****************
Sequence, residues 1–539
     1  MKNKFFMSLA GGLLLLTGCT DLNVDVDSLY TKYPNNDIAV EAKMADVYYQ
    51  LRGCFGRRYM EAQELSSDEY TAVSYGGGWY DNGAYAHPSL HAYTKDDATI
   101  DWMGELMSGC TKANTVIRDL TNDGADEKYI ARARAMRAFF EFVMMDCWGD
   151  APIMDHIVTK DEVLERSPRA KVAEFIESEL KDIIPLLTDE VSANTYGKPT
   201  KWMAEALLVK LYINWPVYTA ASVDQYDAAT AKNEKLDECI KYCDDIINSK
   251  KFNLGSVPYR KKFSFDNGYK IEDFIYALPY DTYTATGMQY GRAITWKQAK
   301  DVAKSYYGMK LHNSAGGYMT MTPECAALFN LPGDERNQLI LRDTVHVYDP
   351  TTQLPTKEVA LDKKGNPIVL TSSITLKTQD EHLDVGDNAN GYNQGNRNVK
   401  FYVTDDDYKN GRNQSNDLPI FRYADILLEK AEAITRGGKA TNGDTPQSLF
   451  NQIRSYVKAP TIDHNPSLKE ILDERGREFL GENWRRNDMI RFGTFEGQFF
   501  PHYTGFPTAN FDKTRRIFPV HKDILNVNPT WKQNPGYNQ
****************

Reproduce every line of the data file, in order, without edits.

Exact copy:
Sequence, residues 1–539
     1  MKNKFFMSLA GGLLLLTGCT DLNVDVDSLY TKYPNNDIAV EAKMADVYYQ
    51  LRGCFGRRYM EAQELSSDEY TAVSYGGGWY DNGAYAHPSL HAYTKDDATI
   101  DWMGELMSGC TKANTVIRDL TNDGADEKYI ARARAMRAFF EFVMMDCWGD
   151  APIMDHIVTK DEVLERSPRA KVAEFIESEL KDIIPLLTDE VSANTYGKPT
   201  KWMAEALLVK LYINWPVYTA ASVDQYDAAT AKNEKLDECI KYCDDIINSK
   251  KFNLGSVPYR KKFSFDNGYK IEDFIYALPY DTYTATGMQY GRAITWKQAK
   301  DVAKSYYGMK LHNSAGGYMT MTPECAALFN LPGDERNQLI LRDTVHVYDP
   351  TTQLPTKEVA LDKKGNPIVL TSSITLKTQD EHLDVGDNAN GYNQGNRNVK
   401  FYVTDDDYKN GRNQSNDLPI FRYADILLEK AEAITRGGKA TNGDTPQSLF
   451  NQIRSYVKAP TIDHNPSLKE ILDERGREFL GENWRRNDMI RFGTFEGQFF
   501  PHYTGFPTAN FDKTRRIFPV HKDILNVNPT WKQNPGYNQ